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Globe Theater



Shakespeare's Theatres

In age of the professional theater both before and after Shakespeare,  companies plied their trade in a myriad of different locations, often tailoring plays to suit their spaces and actors.  From private playhouses to private estates (such as the Queen's palace), the acting companies produced their plays to accommodate any space for anytime of day or night.  Companies emerged from centuries of traveling theater where wondering troupes placed wooden boards on barrels (where the term treading the boards originated) and performed in Inn yards and open spaces  throughout the country.  In England, the profession of vagabonds and cutthroats got its start when carpenter James Burbage, the founder of Shakespeare's company, partnered with some relatives to open a performance space simply called The Theatre.  This was the first structure in London solely built to house plays, which never went down well with the city fathers who saw the profession as being one notch above or lower than prostitution.  Despite the nay sayers and repeated closings, The Theatre prevailed and spawned several clones such as The Swan, The Curtain, and The Rose.  The Curtain was later converted to the famous Globe which is what most people recognize Shakespeare with.  The Globe while versatile and having a large audience capacity, was always subject to the elements and was unusable during the winter.   Building on their later successes, the company converted and later performed in the former Blackfriars monastery.  The theater took the name of the monastery and was built for a year round and mostly nighttime showings for higher paying clientele.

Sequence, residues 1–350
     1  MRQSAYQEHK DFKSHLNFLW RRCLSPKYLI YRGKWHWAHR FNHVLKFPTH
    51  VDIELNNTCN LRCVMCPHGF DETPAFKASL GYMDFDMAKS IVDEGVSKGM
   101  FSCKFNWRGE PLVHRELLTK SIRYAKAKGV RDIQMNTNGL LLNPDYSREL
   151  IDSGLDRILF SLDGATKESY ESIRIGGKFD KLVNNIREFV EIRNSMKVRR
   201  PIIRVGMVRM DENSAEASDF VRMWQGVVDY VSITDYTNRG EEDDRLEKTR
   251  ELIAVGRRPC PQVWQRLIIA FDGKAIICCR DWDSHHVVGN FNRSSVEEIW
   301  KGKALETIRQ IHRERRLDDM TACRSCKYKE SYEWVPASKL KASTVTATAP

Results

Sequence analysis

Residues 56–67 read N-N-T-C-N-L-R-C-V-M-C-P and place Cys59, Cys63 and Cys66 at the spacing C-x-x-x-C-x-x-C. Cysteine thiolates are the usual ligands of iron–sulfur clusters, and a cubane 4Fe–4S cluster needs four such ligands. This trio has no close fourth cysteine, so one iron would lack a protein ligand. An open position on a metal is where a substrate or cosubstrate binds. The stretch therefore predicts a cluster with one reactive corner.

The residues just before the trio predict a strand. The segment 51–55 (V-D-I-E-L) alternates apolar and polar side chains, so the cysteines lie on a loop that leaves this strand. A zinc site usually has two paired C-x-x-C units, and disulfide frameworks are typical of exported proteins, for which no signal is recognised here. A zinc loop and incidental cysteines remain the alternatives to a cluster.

Wherever Shakespeare and his company would produce their plays he primarily wrote his plays to satisfy the performance conditions and audience tastes of these two venues.  To learn more about each theater click on the side links or or links below.


To view other Shakespeare Library sections:

Biography     Plays     Poems     Sonnets     Theaters     Shake Links

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